The practical effect of these massive, privately manipulated election-office funding disparities was to create a “shadow” election system with a built-in structural bias that systematically favored Democratic voters over Republican voters. The massive influx of funds essentially created a high-powered, concierge-like get-out-the-vote effort for Biden that took place inside the election system, rather than attempting to influence it from the outside.
We call this the injection of structural bias into the 2020 election, and our analysis shows it likely generated enough additional votes for Biden to secure an Electoral College victory in 2020.
How This Money Affected Texas
Although the magnitude and partisan pattern of CTCL and CEIR spending on its face would suggest their efforts harvested a large number of extra Democratic votes, more proof is needed.
We analyzed the likely effects of CTCL and CEIR spending on Biden’s vote margin in 2020 using publicly available data from government reports combined with widely available voter and demographic data. Specifically, we used Bayesian Additive Regression Trees (BART) to “learn” how changes in key election variables impact the change in Biden’s 2020 vote share.
BART is a machine-learning algorithm that is considered a gold standard in making causal inferences. It enables us to avoid mistaking correlation for causation in our estimations.
For each county, we used 1) two-party Hillary Clinton 2016 vote share, 2) turnout percent in 2016, 3) county share of the total state population, 4) geographic location, measured in terms of longitude and latitude, and 5) per-capita CTCL and CEIR spending, to predict changes in Biden’s two-party 2020 vote margin.
The figure below shows the expected impact of per-capita CTCL spending on Biden’s vote total in Texas, according to our model.
The undulating line shows the amount by which Biden’s vote total is expected to change as CTCL’s per-person spending increases. The actual per-capita level of CTCL spending in Texas, represented by the vertical line, is shown to have narrowed Trump’s Texas margin of victory by about 200,000 votes, which, while significant, was not enough to swing Texas into Biden’s electoral vote column.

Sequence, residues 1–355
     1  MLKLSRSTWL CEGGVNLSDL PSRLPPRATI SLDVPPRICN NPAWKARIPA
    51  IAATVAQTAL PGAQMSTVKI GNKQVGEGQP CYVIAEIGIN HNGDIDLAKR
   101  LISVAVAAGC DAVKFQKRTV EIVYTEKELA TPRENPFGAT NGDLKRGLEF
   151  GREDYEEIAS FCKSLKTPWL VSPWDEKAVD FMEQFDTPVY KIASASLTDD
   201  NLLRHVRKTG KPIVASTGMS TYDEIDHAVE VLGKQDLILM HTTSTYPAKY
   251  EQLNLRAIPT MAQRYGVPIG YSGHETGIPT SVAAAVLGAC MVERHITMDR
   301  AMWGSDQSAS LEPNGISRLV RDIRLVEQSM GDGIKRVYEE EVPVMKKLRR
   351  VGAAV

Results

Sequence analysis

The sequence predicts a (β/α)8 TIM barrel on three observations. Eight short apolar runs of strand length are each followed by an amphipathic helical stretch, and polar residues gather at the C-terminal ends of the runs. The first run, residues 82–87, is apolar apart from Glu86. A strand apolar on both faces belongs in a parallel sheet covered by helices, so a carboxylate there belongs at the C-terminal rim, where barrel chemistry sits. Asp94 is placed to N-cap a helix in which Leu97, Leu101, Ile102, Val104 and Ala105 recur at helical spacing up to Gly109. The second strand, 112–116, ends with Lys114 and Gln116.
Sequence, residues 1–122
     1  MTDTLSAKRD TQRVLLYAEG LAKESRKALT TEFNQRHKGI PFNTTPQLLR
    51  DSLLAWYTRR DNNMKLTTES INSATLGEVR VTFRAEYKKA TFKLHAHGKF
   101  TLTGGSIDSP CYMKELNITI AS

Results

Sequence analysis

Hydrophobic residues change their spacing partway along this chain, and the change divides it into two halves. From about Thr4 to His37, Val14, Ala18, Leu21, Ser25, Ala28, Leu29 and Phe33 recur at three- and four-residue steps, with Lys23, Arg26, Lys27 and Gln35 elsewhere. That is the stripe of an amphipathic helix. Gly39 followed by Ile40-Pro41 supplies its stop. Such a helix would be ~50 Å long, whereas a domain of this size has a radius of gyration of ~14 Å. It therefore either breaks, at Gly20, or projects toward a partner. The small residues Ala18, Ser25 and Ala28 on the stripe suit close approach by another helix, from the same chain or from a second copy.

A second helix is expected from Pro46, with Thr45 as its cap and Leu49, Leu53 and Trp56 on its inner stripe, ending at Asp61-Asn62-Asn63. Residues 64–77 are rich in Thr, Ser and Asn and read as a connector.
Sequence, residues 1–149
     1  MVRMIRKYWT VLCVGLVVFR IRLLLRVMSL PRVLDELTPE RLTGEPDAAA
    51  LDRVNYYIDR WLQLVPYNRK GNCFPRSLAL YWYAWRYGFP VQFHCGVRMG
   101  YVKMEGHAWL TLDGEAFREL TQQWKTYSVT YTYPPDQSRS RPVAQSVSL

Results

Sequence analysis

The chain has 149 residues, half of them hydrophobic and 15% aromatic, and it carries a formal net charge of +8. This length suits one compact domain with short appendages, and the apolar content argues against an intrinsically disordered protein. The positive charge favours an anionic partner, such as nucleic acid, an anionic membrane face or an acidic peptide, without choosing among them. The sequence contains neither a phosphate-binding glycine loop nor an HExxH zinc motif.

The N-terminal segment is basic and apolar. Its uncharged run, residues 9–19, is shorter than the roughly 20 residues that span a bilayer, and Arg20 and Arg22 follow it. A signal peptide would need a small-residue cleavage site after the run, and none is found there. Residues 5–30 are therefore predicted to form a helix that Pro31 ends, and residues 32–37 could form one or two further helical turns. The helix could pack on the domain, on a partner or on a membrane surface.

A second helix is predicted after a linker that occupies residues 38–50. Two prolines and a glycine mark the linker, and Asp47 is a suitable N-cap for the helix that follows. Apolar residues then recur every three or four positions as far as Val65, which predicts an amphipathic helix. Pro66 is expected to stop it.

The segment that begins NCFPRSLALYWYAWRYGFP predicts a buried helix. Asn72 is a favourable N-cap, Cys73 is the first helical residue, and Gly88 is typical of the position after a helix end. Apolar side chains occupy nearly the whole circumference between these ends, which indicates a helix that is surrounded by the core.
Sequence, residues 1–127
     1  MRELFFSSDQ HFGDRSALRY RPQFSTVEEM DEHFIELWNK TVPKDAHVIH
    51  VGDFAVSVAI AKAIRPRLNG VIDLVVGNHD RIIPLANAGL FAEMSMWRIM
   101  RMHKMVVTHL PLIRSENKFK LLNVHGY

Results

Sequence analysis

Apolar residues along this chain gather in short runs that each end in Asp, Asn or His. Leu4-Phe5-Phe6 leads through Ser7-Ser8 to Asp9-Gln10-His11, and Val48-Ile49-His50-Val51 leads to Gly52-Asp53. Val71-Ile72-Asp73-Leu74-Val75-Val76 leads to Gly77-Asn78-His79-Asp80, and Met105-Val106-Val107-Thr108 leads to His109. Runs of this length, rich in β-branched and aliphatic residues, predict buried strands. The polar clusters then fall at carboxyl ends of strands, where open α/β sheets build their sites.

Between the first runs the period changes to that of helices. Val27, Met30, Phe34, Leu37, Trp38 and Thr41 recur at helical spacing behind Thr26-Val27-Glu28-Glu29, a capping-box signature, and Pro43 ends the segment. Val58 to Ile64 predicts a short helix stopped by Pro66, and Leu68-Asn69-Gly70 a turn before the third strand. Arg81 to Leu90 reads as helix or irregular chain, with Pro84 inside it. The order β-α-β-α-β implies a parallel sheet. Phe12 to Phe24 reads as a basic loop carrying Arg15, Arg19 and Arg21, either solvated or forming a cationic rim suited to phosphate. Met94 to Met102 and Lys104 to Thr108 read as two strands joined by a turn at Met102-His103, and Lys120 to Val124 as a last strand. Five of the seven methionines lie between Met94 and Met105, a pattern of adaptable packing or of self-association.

To put this figure into perspective, however, Ted Cruz’s margin of victory over Beto O’Rourke in Texas’ 2018 Senate race was only 214,921 votes. It is not inconceivable that Democrats would consider a similar effort, were it to take place in 2024, a small price to pay to oust Cruz from his hotly contested Senate seat.
Did Zuck Bucks Flip Wisconsin and Georgia?
Our preliminary results in Georgia and Wisconsin suggest a similar impact on Biden’s vote margin from CTCL spending. And spending in those states was likely large enough and targeted enough to have shifted them into Biden’s column.
This research and analysis project will culminate in the creation of a counterfactual electoral map based on the combined results of our state-by-state analysis. It will reflect how the election results would have looked after the last legal ballot was counted if CTCL and CEIR did not spend their $419.5 million in 2020.
We have good reason to anticipate that the results of our work will show that CTCL and CEIR involvement in the 2020 election gave rise to an election that, while free, was not fair. The 2020 election wasn’t stolen — it was likely bought with money poured through legal loopholes.
Source: The Federalist